According to the Credit Invisible Policy Report by the Consumer Financial Protection Bureau, one in ten U.S. adults are credit invisible, or have no credit at all, making it more difficult for them to access financial services and resources. To put that into context, a total of 26 million U.S. adults are without a credit history, causing them to be stuck in a cycle of financial disadvantage.
These consumers are essentially invisible to lenders, making it more difficult to access loans, credit cards, higher borrowing limits, low interest payments and longer repayment periods, which make them more susceptible to bankruptcy.
But it’s not just consumers with no credit history, those with limited credit histories are also impacted. Together, credit invisible consumers and consumers who lack sufficient credit history make up almost 20 percent of the entire United States’ adult population. Making sure everyone has access to fair and affordable credit – regardless of their race, ethnicity, gender or marital status—is especially important as we continue to navigate the pandemic and recover from the economic fallout.
Allowing exclusory practices to persist only serve to widen the wealth gap. Financial exclusion is detrimental to individuals, and it has ripple effects felt by the entire nation, slowing economic growth and prosperity.
During a time of great economic uncertainty, financial inclusion is one of the most important engines of economic development. Undoubtedly, we’ve all suffered due to the pandemic; however, underserved and vulnerable communities have suffered the most. Ensuring the economic growth of these communities is essential for the nation at large. Communities without access to the proper financial tools are consistently at higher risk for losing basic fundamental necessities, and are also unable to succeed and flourish under current conditions. Financial institutions are placed at a critical threshold between underserved communities and their future livelihoods.
Banks need to help clients create and provide more affordable access to credit by using data, analytics and technology. Financial institutions can help close the wealth gap by providing consumers with financial education, resources for small businesses and strengthening security measures against fraud. Financial institutions need to work with communities and provide solutions to bring about racial equity so consumers can achieve their life goals.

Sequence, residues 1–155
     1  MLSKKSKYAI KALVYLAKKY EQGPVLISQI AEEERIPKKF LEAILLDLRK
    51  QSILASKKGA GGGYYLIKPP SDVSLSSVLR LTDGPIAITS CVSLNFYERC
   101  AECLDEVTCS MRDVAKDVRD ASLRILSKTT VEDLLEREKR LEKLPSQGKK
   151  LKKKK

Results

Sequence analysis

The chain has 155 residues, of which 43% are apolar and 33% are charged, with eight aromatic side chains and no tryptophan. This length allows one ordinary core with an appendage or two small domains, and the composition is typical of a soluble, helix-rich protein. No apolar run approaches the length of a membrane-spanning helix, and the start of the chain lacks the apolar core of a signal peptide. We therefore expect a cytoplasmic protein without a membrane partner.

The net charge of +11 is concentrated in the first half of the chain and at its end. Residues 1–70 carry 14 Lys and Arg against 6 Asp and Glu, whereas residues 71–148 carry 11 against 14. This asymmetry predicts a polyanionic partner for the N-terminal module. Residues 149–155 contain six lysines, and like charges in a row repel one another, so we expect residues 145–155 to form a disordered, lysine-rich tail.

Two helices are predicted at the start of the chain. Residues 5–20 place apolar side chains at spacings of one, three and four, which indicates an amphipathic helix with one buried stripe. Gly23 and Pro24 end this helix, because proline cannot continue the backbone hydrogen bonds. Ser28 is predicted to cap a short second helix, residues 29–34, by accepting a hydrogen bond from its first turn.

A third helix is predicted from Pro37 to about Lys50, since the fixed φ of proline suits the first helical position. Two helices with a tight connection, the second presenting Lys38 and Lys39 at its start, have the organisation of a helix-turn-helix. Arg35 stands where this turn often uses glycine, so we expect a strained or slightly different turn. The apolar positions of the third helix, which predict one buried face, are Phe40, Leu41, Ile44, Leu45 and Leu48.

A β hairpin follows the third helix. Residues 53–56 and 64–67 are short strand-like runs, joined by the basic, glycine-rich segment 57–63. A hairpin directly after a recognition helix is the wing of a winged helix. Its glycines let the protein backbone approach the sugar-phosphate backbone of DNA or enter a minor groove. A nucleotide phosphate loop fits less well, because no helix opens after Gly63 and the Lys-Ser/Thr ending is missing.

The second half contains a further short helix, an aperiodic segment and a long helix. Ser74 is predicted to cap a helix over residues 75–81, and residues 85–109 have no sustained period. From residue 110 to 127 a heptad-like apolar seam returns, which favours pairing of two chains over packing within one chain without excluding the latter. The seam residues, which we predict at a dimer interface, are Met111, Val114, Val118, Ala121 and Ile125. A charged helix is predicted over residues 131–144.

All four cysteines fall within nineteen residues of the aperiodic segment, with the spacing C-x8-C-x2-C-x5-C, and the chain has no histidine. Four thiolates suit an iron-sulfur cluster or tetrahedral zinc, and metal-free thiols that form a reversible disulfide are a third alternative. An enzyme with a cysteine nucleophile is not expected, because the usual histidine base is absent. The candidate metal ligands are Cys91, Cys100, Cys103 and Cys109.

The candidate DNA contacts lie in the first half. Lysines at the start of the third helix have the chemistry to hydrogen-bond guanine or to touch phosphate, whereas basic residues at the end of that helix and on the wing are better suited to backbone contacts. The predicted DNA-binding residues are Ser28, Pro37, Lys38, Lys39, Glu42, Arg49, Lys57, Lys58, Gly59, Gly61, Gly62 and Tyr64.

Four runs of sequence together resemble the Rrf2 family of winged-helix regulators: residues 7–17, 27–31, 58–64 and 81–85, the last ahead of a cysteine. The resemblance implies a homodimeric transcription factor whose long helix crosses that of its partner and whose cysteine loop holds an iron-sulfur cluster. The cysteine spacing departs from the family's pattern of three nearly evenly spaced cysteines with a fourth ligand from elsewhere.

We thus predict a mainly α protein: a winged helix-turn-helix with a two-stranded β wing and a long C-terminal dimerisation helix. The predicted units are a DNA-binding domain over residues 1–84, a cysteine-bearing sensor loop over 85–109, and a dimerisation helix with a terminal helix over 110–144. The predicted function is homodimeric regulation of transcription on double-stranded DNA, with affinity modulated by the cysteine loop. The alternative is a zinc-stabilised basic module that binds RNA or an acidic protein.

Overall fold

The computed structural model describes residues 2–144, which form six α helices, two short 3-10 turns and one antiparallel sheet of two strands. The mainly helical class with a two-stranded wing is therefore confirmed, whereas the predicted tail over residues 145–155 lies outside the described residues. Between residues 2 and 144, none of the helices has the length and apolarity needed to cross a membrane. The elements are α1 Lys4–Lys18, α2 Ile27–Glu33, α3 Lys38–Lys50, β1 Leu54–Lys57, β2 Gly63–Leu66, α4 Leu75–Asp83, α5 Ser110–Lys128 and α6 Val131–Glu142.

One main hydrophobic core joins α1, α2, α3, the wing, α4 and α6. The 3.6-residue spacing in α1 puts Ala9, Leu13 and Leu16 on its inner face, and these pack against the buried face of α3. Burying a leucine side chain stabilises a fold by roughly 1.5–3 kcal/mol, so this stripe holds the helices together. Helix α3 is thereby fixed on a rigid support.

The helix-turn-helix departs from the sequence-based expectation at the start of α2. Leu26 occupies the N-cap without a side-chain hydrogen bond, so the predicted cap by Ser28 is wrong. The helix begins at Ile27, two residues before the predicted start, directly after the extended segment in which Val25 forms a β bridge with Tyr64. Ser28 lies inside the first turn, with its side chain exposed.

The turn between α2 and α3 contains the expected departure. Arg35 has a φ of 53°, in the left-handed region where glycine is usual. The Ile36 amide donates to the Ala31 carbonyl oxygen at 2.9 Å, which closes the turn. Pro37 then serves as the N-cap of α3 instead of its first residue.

The current credit ecosystem has used its data and technology to support the use of additional data sources, such as phone bills, utility bills and rent payments. These additional types of accounts provide those who are either have no credit file (invisible to the credit ecosystem) or thin-file (limited credit history) increased access to affordable mainstream sources of credit. For example, in 2019, we launched Experian Boost™, a free tool that allows consumers to add positive payment history directly into their Experian credit file for an opportunity to instantly increase their credit score.
To date, we have helped nearly 8 million consumers who have used Boost add more than 50 million cumulative points to their FICO® scores. By tapping into new credit scoring models that go beyond traditional credit data, financial institutions can minimize their future risk while simultaneously increasing their customer base.
The opportunities provided by financial inclusion are numerous, and they all serve to foster growth. One of the most important opportunities provided is the ability to pay for the education of new generations. According to Brookings Institute, a child born into a low-income family without earning a college degree has a 45 percent chance of remaining low-income as an adult, with only a 5 percent chance of moving into the highest earnings group. However, a low-income individual with a college degree has an 84 percent chance of moving into higher earnings groups—including the highest. To this point, education contributes to a boost in economic earnings for adult children from low-income families. For this reason, education is imperative as it remains one of the biggest factors in achieving upward social mobility.
During the pandemic, we’ve seen the unemployment rate hit 14.8 percent, an all-time high. Financial inclusion ensures that individuals can deal with financial shocks like unemployment. It also provides individuals with the resources to start new businesses, a value that we’ve seen mimicked by Congress’ssmall business lending program. Small businesses alone account for 64 percent of new jobs created annually, boosting the economy. The ability for everyone to access financial services is pivotal in order to sustain a cycle of community growth and break cycles of poverty.
To increase financial inclusion, it’s imperative for financial institutions to proactively provide access to credit, savings resources, online mobile banking, and financial education. Providing these resources make it possible for individuals, businesses and communities to thrive today, tomorrow and years from now. If they provide the knowledge necessary to make educated decisions, institutions can empower whole communities, ensure that the next generation is even more capable, and make the future of the country even brighter.
Wil Lewis is the Chief Diversity, Equity and Inclusion Officer at Experian
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